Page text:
No cultural tour of Glasgow could be complete without a visit to the Britannia Panopticon, the world’s oldest surviving music hall. “Converted from warehouse to music hall in 1857 and licensed in 1859, the Britannia Music Hall entertained Glasgow’s working classes for nearly 80 years,” says its about page. “By the time it closed in 1938 it had also accommodated cinema, carnival, freak show, wax works, zoo, art gallery and hall of mirrors,” and it had also changed its name to reflect the fact that every conceivable form of entertainment could be seen there. Thanks to an ongoing conservation effort, the building still stands today, and its details have gradually been returned to the look and feel of its glory days.
In 2016, the Britannia Panopticon marked 120 years of showing film in that building. Part of the celebration involved uploading, to its very own Youtube channel, this 40-minute compilation of real footage from 1896, the year its cinematic programming began. (Ambient sound has been added to enhance the sensation of time travel.)
In it you’ll catch glimpses of life as it was really lived 126 years ago in places like Manhattan’s Union Square, London’s Piccadilly Circus, Budapest’s Széchenyi Chain Bridge, Rome’s Porto di Ripetta, and Paris’ Bassin des Tuileries — as well as the Pont Neuf and Arc de Triomphe. The preponderance of Parisian locations is unsurprising, given that most of the footage was shot by the French brothers Auguste and Louis Lumière, pioneers of both the technology and art of cinema.
The sons of a family involved in the nascent photography industry, the Lumière brothers patented their own motion-picture system in 1895, the same year they gave their first screening: the film was La Sortie de l’usine Lumière à Lyon, whose 46 seconds show exactly that. A few months later, they put on a public program including nine more films of similar length, each also consisting of a single shot in what we would now call documentary style. This proved entertainment enough to launch a world tour, and the brothers took their cinématographe to London, New York City, Bombay, Buenos Aires and elsewhere. This presumably gave them their chance to shoot in such cities, suggesting that a wide variety of locations and cultures could become captivating material for motion pictures: a proposition more than validated by the subsequent century, but not one in which the Lumière brothers, who quit cinema less than a decade later, seem to have put much stock themselves.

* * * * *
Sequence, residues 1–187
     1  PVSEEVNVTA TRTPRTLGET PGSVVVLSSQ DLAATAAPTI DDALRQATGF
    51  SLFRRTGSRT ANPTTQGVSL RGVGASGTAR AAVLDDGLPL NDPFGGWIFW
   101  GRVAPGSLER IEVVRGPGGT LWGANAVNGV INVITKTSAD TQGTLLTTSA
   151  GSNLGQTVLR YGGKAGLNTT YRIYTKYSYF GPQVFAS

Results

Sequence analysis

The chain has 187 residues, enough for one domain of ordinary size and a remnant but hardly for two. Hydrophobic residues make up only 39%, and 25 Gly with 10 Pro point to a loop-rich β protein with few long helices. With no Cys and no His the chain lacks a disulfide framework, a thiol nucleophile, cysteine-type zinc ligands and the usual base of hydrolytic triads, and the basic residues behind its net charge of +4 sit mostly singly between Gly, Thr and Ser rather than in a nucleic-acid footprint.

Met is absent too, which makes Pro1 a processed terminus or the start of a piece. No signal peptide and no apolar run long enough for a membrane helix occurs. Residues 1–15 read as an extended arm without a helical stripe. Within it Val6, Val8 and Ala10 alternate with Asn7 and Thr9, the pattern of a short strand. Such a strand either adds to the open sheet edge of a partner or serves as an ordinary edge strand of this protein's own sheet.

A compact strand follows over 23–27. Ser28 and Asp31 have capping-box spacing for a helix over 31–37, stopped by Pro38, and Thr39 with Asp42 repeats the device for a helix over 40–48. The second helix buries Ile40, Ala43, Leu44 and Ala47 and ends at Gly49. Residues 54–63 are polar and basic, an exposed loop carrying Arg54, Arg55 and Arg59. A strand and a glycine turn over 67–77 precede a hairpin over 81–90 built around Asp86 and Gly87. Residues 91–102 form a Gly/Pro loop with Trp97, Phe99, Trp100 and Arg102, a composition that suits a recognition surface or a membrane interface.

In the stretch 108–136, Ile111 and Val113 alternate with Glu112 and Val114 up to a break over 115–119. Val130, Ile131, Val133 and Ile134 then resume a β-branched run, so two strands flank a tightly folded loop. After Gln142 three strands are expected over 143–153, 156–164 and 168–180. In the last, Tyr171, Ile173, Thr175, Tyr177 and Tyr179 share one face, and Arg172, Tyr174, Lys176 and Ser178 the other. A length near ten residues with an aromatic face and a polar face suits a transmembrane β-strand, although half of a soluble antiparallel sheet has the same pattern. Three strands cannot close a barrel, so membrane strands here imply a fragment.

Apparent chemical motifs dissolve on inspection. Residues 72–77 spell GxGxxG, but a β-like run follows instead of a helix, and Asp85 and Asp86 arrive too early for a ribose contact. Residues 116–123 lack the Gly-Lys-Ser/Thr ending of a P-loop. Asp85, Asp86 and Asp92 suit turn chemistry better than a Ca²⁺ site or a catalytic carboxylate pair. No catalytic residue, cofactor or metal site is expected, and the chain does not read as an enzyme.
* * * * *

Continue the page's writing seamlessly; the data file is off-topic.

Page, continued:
Based in Seoul, Colin Marshall writes and broadcasts on cities, language, and culture. His projects include the Substack newsletter Books on Cities, the book The Stateless City: a Walk through 21st-Century Los Angeles and the video series The City in Cinema. Follow him on Twitter at @colinmarshall or on Facebook.